Aqua Tunes: Why Do We Hear Sounds Differently Underwater?

By Accessible Science on Jun 10, 2014

Perkins School for the Blind student Jamie LeDuc shares his science fair research experiment "Why Do We Hear Sounds Differently Under Water?"
 
 
Listen Here for Jamie's Radio Interview: 
 

Topic:

Why do we hear sounds differently underwater?
 

Hypothesis:

I think we hear sounds differently because sound travels faster in water which creates a distortion.
 

Design your experiment:

Using headphones and music, I'm trying to find out what happens when sound travels in water.
 

 

Materials

  • Two plastic bags filled with water
  • A roll of duct tape
  • Two pairs of headphones
  • An iPad

Procedure

  1. student listening to sound through plastic bags filled with waterFill two plastic bags with water and tape the seals as a caution.
  2. Use duct tape to tape the speakers of the headphones to the bags.
  3. Plug headphones into the iPad and play music.
  4. Listen to music. Make sure that the portion of the bags that contains water is on your ears.
  5. Take second pair of headphones and plug them into the iPad.
  6. Play music and check if there are any differences in how it sounds.

Observations:

The underwater headphones: The sound was muffled, yet I could hear the lower frequencies of the music more easily. The regular headphones: The sound was louder and I found it easier to hear music with higher frequencies. It was much harder to decipher lower frequencies.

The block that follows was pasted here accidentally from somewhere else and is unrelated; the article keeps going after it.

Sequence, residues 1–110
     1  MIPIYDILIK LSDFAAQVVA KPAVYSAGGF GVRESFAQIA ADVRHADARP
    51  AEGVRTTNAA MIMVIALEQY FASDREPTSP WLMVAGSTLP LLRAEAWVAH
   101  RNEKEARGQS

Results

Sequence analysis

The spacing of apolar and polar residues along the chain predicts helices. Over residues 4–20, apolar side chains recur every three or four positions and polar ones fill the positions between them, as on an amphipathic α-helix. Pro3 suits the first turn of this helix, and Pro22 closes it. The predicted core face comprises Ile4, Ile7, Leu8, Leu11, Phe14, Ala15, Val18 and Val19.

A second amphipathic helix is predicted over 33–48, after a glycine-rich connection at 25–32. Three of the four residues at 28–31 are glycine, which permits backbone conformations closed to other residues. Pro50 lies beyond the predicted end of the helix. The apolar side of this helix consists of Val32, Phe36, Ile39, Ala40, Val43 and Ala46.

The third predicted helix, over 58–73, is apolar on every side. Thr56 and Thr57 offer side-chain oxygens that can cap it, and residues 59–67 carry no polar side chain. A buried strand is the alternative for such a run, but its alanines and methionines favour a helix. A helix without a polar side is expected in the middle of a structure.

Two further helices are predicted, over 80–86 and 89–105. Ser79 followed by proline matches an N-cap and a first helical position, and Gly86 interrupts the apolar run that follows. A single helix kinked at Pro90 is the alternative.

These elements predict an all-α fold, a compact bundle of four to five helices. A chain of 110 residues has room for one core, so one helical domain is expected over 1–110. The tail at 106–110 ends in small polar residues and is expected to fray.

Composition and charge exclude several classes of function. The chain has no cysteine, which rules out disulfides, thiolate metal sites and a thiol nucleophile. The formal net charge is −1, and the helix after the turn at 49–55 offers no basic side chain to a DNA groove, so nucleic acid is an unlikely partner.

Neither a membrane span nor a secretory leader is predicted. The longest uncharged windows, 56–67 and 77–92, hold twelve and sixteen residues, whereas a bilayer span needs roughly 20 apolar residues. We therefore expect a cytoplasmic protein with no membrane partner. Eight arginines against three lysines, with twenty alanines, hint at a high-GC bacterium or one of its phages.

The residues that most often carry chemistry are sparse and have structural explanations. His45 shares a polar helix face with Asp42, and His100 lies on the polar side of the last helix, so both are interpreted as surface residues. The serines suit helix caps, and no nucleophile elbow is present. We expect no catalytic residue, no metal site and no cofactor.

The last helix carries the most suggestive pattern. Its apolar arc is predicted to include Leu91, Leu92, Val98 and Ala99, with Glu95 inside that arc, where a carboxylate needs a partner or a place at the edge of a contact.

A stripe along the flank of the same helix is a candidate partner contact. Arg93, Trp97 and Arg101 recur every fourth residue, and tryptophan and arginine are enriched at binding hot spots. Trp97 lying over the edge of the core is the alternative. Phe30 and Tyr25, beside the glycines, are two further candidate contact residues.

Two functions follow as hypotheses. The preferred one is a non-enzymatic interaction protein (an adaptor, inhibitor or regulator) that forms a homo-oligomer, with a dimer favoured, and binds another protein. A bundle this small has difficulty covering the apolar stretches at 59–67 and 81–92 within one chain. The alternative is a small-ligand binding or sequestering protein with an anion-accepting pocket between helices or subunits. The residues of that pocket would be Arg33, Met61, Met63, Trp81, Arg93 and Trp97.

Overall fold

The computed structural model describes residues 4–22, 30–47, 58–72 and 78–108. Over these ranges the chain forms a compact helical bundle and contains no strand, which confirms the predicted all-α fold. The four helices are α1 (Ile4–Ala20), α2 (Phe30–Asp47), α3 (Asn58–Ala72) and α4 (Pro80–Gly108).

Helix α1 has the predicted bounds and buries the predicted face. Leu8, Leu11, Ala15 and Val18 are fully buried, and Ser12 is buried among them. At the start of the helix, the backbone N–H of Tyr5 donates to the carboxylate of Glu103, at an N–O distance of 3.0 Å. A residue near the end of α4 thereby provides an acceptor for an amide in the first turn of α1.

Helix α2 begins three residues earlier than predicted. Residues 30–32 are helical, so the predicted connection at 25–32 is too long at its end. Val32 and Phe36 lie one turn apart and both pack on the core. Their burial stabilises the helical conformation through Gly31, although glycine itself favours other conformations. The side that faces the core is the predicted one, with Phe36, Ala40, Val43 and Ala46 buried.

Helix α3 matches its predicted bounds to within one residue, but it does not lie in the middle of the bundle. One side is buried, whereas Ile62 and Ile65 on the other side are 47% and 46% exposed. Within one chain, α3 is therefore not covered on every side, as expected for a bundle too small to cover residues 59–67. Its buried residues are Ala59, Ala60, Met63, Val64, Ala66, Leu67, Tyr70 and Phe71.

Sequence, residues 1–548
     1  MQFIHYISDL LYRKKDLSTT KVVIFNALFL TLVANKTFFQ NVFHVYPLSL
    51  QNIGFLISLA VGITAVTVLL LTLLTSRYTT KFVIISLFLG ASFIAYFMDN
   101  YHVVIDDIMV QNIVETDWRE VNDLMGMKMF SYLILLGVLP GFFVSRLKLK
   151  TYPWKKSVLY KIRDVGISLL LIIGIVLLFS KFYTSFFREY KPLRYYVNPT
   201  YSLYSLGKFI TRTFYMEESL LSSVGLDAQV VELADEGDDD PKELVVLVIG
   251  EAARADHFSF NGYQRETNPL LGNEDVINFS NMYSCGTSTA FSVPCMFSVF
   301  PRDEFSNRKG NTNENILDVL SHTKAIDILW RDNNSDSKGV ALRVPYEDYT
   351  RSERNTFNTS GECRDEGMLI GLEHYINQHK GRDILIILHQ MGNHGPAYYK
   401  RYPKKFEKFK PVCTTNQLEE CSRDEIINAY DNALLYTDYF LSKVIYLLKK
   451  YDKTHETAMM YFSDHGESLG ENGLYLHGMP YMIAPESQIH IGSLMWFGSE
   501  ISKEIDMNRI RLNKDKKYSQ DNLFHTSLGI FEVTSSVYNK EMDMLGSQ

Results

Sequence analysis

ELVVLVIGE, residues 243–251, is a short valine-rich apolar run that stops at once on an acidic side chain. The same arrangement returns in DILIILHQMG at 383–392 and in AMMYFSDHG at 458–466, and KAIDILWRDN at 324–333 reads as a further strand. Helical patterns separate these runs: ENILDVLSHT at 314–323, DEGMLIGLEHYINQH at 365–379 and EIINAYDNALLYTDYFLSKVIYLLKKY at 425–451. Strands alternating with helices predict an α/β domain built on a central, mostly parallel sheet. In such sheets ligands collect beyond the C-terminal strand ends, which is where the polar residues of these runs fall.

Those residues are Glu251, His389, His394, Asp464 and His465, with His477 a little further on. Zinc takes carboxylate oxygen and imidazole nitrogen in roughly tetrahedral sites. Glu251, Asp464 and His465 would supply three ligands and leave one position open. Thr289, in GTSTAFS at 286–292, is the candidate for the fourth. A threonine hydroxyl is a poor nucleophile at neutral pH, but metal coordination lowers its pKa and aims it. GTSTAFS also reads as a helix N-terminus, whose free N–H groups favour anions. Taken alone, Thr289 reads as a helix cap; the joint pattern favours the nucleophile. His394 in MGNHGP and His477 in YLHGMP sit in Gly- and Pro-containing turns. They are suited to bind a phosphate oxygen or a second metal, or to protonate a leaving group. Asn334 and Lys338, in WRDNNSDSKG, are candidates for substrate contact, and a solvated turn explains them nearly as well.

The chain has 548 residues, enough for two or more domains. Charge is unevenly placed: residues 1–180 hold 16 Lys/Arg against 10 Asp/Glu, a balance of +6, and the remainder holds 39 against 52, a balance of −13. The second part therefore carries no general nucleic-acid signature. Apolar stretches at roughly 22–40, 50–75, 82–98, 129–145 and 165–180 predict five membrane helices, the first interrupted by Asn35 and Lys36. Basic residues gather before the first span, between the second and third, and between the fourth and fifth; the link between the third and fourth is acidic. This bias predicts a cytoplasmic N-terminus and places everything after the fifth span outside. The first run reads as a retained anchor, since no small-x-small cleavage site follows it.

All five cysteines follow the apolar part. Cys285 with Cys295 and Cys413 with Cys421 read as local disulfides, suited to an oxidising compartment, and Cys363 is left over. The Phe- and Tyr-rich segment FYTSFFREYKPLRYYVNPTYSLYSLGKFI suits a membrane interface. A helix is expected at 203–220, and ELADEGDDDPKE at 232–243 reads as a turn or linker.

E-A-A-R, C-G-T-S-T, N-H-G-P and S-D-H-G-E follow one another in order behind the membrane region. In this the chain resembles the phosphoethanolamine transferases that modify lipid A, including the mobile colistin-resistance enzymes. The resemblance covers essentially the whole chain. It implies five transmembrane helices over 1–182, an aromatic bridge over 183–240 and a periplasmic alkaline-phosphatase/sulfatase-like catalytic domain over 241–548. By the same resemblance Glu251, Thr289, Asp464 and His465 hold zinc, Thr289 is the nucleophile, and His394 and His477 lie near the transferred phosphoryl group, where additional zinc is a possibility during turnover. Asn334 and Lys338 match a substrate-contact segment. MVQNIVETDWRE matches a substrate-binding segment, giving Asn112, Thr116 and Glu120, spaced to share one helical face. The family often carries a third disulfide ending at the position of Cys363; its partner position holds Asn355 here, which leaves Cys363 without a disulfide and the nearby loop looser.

Conclusion:

Unfortunately, the experiment did not answer my scientific question.  Therefore, research was required. student on radio interview  

Research:

Ironically, sound waves travel 4.3 times faster underwater than they do through air.  This is because water is denser than air.  Since sound waves travel so much faster underwater than in air, it is much harder for us to detect where they are coming from.  Our bodies have something called bone conductivity.  This is a process in which the mastoid, the bone behind our ears, takes in sounds.  This allows sound to skip the outer ear all together, making it to the cochlea and eventually sending signals to the brain.  Underwater, humans can actually hear sounds at much higher frequencies then they can on land.  The reason that my experiment showed different results is because I was not actually underwater.  However, if I had been listening to music underwater, I would have heard higher frequencies that I may not have noticed otherwise.    

Resources:

oceanservice.noaa.gov/facts/sound.html     Aqua tunes collage

 

 

Read more about: STEM